I know that social media is not the real world, just as Kim Kardashian is not your average working mother. But we have all started to spend parts of our days in the virtual world, and in the post-pandemic era, some of us spend the majority of our waking hours communicating with avatars, digital creations, and shadow-humans. So the things that are happening in that environment do have an impact on our emotional health, and the way we view the actual world.
After the news broke on Friday evening that President Trump and his wife Melania had tested positive for COVID-19, I held my breath. This had nothing to do with my fears for their safety and health, although I managed to get off a quick prayer to St. Jude. The reason my esophagus seized up was the thought of what was about to happen in that virtual world where so many of us manifest our real characters.
I don’t need to reproduce the comments here, for you. My Facebook friendship tally is close to the 5,000 limit, with a good mix of liberals and conservatives, white and minority, male and female (but no “questioning”) Christian, Muslim, Jew and atheist, college-educated and high school grads, native-born and immigrant, Eagles fans and (one) Dallas fan. It’s a good cross section of the country. To be honest, there are some Trump supporters who travel over to my page who I barely tolerate, and some Bernie supporters who are dearer to my heart than blood relations. I can deal with a lot, and I have.
Lately though, I have taken to blocking better than Chuck Bednarik on one of his better days, because people have simply lost their minds. The number of folks who have either wished death on the president or engaged in some sick sort of schadenfreud because he is now infected with a deadly virus is scarier than the virus itself. They are not the faceless shadows that populate the comments sections of some online newspapers. They are not folks who have used pseudonyms to create online personalities that bear no relation to their actual selves. They are people I have actually met, or at least, would have like to have met in kinder times.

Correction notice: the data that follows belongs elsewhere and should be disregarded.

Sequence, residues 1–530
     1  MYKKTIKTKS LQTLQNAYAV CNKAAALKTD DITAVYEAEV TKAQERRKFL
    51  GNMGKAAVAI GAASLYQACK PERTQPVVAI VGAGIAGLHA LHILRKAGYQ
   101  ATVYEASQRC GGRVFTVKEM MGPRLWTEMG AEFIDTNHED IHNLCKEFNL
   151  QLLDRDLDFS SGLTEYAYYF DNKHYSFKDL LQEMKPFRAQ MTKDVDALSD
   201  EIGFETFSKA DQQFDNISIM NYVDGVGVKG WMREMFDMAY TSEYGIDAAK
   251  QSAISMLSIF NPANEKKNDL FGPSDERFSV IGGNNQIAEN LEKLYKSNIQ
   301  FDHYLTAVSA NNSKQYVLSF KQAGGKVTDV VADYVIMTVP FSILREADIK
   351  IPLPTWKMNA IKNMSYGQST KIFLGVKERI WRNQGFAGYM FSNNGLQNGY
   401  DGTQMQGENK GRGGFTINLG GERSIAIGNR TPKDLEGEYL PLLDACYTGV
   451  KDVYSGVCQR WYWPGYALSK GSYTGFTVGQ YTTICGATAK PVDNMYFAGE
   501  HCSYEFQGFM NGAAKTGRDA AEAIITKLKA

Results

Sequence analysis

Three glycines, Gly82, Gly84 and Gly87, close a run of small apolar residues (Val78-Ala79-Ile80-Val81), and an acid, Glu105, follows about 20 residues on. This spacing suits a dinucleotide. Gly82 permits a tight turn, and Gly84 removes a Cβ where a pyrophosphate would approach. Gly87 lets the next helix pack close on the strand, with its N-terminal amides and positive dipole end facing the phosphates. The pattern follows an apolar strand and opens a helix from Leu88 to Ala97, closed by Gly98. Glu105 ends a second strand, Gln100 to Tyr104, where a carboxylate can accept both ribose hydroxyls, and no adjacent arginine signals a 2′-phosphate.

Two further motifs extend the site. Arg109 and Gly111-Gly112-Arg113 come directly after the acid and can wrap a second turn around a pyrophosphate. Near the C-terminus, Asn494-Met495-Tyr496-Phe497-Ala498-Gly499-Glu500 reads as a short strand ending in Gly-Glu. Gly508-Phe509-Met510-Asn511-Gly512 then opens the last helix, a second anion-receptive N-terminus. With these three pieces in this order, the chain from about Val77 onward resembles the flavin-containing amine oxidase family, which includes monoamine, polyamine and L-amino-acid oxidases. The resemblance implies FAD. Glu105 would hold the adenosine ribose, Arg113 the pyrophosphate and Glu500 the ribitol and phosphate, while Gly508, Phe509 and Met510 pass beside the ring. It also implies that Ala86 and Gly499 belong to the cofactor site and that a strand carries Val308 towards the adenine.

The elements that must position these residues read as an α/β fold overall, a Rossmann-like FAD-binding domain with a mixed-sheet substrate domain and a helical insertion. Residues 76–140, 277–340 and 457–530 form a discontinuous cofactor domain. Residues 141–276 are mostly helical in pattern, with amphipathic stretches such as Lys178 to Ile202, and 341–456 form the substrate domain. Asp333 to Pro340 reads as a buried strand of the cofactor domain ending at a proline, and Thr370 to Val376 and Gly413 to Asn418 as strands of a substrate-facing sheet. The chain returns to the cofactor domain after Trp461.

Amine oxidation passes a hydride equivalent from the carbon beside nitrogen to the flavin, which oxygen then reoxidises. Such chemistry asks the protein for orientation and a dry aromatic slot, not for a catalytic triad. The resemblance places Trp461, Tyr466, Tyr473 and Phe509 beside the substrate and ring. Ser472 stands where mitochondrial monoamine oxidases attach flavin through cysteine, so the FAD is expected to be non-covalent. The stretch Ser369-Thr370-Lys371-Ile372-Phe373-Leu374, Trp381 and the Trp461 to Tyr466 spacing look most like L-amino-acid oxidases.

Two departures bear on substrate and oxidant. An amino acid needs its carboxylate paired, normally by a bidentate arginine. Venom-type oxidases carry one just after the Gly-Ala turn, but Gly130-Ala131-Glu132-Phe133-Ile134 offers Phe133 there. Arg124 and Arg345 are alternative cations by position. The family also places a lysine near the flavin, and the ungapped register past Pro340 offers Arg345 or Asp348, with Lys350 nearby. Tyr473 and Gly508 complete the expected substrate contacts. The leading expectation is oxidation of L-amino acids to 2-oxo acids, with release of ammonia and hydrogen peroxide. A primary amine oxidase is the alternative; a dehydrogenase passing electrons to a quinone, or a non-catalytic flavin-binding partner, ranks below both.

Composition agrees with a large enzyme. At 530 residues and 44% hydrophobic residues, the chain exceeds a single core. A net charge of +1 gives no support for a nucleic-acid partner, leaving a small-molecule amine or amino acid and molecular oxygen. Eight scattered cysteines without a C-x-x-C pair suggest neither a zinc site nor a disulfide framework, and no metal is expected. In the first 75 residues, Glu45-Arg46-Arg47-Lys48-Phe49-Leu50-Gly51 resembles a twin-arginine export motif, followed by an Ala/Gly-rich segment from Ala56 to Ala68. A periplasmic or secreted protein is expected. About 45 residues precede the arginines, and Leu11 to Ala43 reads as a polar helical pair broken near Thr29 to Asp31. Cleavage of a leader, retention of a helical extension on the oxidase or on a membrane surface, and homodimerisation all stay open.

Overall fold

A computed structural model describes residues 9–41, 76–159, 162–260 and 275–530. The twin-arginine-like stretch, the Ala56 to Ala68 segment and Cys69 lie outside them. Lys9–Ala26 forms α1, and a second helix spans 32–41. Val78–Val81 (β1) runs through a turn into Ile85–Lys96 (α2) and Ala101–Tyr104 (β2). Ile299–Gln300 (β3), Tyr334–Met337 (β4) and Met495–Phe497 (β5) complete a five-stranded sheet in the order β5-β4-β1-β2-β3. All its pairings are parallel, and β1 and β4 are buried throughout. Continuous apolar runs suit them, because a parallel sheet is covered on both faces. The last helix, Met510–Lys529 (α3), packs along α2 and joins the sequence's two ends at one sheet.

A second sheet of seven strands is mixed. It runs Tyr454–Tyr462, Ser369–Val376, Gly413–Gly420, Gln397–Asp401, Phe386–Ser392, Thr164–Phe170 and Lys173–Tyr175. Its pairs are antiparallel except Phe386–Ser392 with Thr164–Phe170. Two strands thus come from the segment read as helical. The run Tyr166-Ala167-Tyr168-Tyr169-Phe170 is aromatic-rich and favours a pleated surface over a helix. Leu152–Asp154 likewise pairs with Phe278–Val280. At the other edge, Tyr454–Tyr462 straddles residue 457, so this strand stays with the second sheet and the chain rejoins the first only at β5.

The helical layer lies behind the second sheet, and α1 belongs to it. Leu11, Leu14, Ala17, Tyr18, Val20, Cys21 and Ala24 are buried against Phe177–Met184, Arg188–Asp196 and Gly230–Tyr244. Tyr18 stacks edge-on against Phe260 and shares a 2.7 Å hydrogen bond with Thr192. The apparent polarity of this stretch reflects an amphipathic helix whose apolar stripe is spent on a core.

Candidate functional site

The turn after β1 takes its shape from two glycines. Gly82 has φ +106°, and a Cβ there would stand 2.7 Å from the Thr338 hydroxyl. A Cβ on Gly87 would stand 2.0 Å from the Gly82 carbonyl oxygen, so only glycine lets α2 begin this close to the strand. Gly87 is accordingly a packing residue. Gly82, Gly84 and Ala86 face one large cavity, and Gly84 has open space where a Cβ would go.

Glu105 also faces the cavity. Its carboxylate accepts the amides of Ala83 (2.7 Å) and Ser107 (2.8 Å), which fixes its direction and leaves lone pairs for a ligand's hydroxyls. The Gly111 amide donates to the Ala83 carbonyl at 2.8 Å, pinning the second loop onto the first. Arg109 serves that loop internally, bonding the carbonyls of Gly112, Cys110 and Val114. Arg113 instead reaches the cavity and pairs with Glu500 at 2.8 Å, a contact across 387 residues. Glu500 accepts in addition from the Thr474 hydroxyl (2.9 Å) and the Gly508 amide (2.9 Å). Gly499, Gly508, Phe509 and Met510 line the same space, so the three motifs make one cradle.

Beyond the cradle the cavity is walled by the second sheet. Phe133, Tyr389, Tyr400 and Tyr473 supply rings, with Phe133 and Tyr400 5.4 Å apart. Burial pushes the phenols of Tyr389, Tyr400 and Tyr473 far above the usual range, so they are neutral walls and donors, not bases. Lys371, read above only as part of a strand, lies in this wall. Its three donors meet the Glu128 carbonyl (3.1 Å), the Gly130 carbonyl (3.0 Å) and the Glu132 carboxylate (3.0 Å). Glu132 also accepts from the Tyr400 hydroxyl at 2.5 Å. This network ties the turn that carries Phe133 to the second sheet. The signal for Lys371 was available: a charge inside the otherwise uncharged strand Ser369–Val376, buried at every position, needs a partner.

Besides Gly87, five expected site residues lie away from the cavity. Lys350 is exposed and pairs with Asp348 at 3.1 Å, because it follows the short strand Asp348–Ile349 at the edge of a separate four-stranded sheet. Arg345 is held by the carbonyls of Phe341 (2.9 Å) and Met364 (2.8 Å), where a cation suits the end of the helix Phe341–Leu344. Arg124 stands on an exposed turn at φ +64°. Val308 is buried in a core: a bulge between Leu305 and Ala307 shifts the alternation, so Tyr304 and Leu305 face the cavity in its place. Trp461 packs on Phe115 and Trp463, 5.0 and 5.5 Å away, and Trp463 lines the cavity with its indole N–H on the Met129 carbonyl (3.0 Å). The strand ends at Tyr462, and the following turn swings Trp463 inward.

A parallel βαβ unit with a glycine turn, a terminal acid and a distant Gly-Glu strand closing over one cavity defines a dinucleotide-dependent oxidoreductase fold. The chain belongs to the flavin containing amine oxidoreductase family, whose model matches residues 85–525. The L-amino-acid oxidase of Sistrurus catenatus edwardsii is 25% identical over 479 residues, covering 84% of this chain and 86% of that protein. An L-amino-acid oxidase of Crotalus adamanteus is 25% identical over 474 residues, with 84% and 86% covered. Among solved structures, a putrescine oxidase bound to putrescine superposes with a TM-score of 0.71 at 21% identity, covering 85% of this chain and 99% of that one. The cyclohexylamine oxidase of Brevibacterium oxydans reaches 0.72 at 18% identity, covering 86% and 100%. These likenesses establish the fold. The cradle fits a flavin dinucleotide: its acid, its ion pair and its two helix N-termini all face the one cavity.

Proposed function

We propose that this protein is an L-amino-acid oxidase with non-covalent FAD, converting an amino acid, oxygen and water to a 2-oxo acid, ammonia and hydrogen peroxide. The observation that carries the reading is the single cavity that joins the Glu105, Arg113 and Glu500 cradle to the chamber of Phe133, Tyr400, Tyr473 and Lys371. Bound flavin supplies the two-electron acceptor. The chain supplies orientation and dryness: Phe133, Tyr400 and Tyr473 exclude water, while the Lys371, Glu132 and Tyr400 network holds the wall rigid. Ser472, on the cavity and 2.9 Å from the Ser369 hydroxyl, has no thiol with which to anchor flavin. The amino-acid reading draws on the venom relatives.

You might argue, as some have, that social media is a distortion of the real world. I would have agreed before social media became the real world for so many people who were trapped in the fabricated amber of the COVID shutdowns. Classrooms have become virtual for many children. Good friends have been told that they will not be returning to their offices until at least the beginning of next year, so their kitchen tables and their laptops are now their conference rooms. Online shopping has bumped the thrill of walking through an aisle in a Hazmat suit to search out the perfect tomato.
Virtual is real, now. And even in the real world, you have Hollywood and political folks wishing ill on the president. One of Hillary Clinton’s campaign managers actually expressed a desire that Trump die of the virus. There have been smirky, smarmy attempts by cable news hosts to show how “evolved” they are in wishing the president who caused all of this by ridiculing masks a “swift recovery.” And Democrat-leaning pollsters are gleeful at the thought that the election is over.
Ironically, one of the few public figures who gave authentic wishes of hope, luck and recovery to the president and his wife was Joe Biden, who tweeted out his and Jill’s solidarity moments after the news became public. He also vowed to pull negative campaign ads. That shows class, decency, and humanity. It is a shame that so many of Joe’s supporters lack the qualities reflected in their candidate, in this troubled moment.
Right now, it is important to point out to all of those folks who say that hate has no home with them, that they need to check the front door: Hate left, so hypocrisy could take over the lease.
Copyright 2020 Christine Flowers. Flowers is an attorney and a columnist for the Delaware County Daily Times, and can be reached at [email protected]